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Stokely Carmichael Quotes


Kwame Ture, also known as Stokely Carmichael, was a Trinidadian-American black activist active in the 1960s American Civil Rights Movement.
(1941 - 1998)

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A man is born free.
 

An organization which claims to be working for the needs of a community - as SNCC does - must work to provide that community with a position of strength from which to make its voice heard. This is the significance of black power beyond the slogan.
 

Before a group can enter the open society, it must first close ranks.
 

Black power can be clearly defined for those who do not attach the fears of white America to their questions about it.
[America]
 

Capitalism is a stupid system, a backward system.
 

I also know that while I am black I am a human being, and therefore I have the right to go into any public place. White people didn't know that.Every time I tried to go into a place they stopped me.
 

I knew that I could vote and that that wasn't a privilege; it was my right. Every time I tried I was shot, killed or jailed, beaten or economically deprived.
 

I maintain that every civil rights bill in this country was passed for white people, not for black people.
 

I usually say I did the best I could with what I had. I have no major regrets.
 

Integration is a man's ability to want to move in there by himself. If someone wants to live in a white neighborhood and he is black, that is his choice. It should be his rights. It is not because white people will not allow him.
 

It is a call for black people in this country to unite, to recognize their heritage, to build a sense of community. It is a call for black people to define their own goals, to lead their own organizations.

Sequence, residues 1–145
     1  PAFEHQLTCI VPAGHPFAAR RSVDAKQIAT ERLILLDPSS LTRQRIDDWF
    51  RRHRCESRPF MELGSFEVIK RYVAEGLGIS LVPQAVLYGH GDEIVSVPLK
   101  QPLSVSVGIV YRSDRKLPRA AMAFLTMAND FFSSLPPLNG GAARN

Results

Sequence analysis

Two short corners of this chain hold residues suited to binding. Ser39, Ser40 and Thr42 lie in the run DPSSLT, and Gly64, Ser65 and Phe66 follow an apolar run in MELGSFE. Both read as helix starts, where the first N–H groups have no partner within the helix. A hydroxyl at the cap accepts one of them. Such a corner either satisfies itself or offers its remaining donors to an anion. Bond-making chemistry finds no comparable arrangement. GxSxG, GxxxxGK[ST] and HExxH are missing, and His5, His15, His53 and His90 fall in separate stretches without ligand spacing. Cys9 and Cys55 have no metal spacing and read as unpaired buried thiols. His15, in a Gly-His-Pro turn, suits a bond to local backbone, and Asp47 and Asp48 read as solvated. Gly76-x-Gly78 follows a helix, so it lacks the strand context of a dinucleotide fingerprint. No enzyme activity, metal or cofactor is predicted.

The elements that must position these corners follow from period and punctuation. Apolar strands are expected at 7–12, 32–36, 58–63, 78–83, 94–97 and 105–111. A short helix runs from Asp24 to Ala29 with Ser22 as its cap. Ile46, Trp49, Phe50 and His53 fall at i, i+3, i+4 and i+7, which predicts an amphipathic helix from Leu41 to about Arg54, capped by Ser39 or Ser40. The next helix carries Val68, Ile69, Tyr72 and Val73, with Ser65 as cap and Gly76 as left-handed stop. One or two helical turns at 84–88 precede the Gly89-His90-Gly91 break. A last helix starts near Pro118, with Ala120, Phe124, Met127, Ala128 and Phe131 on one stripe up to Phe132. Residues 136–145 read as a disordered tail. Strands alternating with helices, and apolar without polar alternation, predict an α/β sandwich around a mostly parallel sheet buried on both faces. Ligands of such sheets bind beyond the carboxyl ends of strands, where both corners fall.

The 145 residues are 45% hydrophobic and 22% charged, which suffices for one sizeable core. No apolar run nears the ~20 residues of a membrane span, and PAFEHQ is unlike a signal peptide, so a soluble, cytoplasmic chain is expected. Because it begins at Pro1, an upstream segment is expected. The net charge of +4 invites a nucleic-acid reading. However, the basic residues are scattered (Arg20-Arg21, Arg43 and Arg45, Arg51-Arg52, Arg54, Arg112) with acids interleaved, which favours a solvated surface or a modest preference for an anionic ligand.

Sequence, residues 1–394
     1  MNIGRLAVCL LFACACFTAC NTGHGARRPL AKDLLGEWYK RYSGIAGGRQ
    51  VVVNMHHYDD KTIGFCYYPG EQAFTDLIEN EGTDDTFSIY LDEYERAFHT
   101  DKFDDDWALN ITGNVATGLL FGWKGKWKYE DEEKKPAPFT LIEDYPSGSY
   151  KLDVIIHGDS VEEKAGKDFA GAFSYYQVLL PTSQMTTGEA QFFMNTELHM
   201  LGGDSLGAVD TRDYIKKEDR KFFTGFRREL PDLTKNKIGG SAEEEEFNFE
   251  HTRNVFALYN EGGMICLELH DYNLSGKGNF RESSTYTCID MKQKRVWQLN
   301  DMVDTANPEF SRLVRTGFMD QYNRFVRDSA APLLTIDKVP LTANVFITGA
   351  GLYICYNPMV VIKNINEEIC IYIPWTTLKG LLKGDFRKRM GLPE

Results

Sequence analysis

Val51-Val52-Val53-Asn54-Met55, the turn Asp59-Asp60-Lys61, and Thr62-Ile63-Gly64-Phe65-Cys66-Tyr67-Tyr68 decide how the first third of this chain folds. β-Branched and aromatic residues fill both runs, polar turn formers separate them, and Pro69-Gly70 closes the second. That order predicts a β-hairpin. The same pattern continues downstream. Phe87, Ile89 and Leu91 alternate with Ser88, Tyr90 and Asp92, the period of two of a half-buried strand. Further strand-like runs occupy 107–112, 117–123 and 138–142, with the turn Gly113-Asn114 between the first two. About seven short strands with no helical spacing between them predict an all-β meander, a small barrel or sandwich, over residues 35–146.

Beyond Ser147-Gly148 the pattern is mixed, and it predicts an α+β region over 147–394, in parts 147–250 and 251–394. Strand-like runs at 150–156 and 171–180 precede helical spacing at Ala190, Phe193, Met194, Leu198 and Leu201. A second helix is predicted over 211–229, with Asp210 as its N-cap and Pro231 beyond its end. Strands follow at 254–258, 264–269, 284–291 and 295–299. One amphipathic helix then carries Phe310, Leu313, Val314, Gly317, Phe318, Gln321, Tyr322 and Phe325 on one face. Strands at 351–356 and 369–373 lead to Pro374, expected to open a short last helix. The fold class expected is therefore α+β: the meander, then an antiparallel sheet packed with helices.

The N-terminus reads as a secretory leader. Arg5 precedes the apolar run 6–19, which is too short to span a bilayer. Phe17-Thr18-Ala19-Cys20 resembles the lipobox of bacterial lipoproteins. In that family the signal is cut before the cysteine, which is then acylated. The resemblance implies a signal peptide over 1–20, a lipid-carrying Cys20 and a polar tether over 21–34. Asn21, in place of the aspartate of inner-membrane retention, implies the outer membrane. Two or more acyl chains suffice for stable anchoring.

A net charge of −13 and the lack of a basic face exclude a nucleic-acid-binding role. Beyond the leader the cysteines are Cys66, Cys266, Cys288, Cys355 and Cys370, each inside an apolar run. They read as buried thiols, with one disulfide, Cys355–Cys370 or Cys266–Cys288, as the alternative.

Leaders in Africa are so corrupt that we are certain if we put dogs in uniforms and put guns on their shoulders, we'd be hard put to distinguish them.
 

No man can given anybody his freedom.
 

Now we maintain that we cannot be afford to be concerned about 6 percent of the children in this country, black children, who you allow to come into white schools. We have 94 percent who still live in shacks. We are going to be concerned about those 94 percent.
 

Now, then, in order to understand white supremacy we must dismiss the fallacious notion that white people can give anybody their freedom.
 

One of the tragedies of the struggle against racism is that up to now there has been no national organization which could speak to the growing militancy of young black people in the urban ghetto.
 

Our grandfathers had to run, run, run. My generation's out of breath. We ain't running no more.
 

Seems to me that the institutions that function in this country are clearly racist, and that they're built upon racism.
 

So that the failures to pass a civil rights bill isn't because of Black Power, isn't because of the Student Nonviolent Coordinating Committee; it's not because of the rebellions that are occurring in the major cities.
 

The first need of a free people is to define their own terms.
 


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